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Twitter Details How Much Money API Access Will Cost Now

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Twitter previously announced that free access to its API would close on February 9.
Image: Primakov (Shutterstock)

In a poorly thought out plan to make Twitter as profitable as possible, Twitter has officially unveiled three new tiers of API access: Free, Basic, and Enterprise. Twitter previously backed off from rescinding free access to the platform’s API after public backlash.

Twitter Dev, an official Twitter account, tweeted the news this morning. While the Free tier is, well, free, it only allows developers access in write-only cases and provides a mere 1,500 tweets each month at the app level. The Basic tier is geared toward hobbyists and will run you $100 per month to publish 3,000 tweets per month and retrieve 10,000 tweets per month. The Enterprise tier is available by application only, and no details were publicly released by Twitter. Twitter will happily let you sign up for the $100 per month Basic tier, but for developers interested in the Free tier (which is probably a majority of them), you will have to explain to Twitter everything you want to do with its data and API.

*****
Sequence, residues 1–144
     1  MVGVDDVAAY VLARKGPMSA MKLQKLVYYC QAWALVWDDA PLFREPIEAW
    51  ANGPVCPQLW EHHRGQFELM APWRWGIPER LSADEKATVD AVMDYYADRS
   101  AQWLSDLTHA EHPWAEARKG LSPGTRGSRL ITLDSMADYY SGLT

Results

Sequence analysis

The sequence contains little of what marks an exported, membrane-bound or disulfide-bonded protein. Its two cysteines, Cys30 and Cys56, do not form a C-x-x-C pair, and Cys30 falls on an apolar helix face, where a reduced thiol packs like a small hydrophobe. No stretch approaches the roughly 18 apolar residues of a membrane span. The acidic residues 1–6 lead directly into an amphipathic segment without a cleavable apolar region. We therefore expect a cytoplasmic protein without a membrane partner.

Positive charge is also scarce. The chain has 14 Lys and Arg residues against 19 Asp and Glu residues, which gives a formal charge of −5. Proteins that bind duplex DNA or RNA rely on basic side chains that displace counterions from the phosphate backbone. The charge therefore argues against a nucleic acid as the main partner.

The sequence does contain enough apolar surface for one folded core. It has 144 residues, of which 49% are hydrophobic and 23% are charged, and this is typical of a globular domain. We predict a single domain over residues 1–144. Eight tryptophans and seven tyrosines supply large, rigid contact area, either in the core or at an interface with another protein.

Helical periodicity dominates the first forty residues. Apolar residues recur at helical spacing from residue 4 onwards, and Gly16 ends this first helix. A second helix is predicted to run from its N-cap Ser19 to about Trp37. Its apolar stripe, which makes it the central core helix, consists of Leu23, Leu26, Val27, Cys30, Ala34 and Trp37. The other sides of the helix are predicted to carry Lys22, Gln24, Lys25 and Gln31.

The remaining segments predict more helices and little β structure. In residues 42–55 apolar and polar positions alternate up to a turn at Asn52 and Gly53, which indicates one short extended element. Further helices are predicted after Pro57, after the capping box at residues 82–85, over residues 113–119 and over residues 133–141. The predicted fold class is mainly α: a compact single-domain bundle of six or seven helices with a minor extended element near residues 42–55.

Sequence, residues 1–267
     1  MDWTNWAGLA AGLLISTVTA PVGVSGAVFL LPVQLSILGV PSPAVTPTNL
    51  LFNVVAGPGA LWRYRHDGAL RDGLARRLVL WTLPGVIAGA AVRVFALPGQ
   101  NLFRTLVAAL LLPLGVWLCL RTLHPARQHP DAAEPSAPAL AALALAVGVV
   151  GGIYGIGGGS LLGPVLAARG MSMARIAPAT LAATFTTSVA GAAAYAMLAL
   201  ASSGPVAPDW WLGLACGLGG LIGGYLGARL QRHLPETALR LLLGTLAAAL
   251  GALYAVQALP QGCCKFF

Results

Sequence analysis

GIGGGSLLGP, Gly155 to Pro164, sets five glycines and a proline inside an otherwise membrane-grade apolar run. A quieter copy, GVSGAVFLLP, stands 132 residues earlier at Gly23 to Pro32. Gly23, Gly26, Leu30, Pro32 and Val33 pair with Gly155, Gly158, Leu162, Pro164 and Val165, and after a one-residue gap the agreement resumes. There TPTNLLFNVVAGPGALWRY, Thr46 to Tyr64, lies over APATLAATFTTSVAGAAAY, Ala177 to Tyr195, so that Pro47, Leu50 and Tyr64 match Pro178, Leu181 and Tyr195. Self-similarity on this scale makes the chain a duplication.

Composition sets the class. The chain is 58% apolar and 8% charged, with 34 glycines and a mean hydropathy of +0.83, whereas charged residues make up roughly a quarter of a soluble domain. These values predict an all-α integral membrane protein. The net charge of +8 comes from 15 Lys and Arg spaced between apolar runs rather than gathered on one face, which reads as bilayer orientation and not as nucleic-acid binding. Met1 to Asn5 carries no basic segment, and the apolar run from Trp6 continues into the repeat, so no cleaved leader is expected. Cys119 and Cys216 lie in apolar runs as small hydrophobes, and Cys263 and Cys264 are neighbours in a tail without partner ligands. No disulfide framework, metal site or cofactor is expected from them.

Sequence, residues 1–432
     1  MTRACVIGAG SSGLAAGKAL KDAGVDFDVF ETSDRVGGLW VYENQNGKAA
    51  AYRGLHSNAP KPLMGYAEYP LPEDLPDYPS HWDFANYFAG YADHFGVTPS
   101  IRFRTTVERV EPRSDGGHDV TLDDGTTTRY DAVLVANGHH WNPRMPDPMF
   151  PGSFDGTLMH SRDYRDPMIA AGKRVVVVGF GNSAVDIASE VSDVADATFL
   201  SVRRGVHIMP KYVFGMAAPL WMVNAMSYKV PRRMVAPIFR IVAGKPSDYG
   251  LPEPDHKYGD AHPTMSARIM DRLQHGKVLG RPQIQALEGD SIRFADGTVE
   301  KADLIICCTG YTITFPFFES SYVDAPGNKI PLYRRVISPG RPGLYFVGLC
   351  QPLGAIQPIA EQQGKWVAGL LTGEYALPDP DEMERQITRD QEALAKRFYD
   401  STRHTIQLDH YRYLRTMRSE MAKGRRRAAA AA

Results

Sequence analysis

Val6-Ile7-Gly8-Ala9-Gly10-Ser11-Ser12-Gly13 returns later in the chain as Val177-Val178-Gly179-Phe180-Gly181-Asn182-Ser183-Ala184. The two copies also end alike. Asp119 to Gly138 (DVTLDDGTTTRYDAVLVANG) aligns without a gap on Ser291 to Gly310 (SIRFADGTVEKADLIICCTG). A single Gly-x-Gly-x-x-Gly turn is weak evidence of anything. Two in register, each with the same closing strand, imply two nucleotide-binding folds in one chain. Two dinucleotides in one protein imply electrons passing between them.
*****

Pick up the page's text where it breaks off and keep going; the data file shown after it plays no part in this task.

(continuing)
“Thank you for your patience as we introduce you to our new API access tiers and evolve our Developer Platform,” Twitter Dev wrote. “We are excited for the future of our developer ecosystem and are looking forward to seeing what you build next!”

Twitter is allowing everyone that is using the current API 30 days to switch over to a new tier in order to prevent any hiccups that may occur during the transition. The platform’s ads API will continue to be accessible to pre-approved developers for no additional cost. Twitter Dev further explained that the company is looking for ways to serve those in academia who may need the API for research projects, but urged those researchers toward the Free and Basic tiers in the meantime.

Musk’s Twitter first shifted its attention to API access when the platform booted notable Twitter bots like Tweetbot and Twitterrific in the CEO’s misguided vendetta against bots. Twitter then got on the defensive with the very vague excuse that it was upholding “longstanding API rules,” which were sneakily rewritten after the aforementioned bots were banned.

But to the surprise of no one, Twitter was really interested in keeping the API behind a paywall, and announced that free access to Twitter’s application program interface would sunset on February 9. Also to the surprise of no one, Twitter users were not happy with this decision and forced Twitter to back off.

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